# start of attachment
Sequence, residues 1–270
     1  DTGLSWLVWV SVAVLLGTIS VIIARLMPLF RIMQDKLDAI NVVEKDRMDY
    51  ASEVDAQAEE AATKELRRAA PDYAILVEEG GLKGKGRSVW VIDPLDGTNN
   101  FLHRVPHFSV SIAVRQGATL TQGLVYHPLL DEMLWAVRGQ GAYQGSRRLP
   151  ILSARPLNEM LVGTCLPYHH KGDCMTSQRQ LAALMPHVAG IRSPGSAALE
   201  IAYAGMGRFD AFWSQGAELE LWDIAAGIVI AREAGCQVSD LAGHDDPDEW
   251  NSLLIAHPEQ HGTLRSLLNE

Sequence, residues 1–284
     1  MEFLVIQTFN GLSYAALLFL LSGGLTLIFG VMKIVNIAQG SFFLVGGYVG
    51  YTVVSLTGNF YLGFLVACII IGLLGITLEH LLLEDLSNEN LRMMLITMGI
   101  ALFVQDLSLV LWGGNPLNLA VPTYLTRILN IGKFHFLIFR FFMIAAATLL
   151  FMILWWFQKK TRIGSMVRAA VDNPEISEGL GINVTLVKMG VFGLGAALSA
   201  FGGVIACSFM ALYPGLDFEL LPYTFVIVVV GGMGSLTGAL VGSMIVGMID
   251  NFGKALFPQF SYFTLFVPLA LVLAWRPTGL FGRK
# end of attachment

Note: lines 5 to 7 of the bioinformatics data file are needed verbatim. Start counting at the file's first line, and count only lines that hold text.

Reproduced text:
   151  ILSARPLNEM LVGTCLPYHH KGDCMTSQRQ LAALMPHVAG IRSPGSAALE
   201  IAYAGMGRFD AFWSQGAELE LWDIAAGIVI AREAGCQVSD LAGHDDPDEW
   251  NSLLIAHPEQ HGTLRSLLNE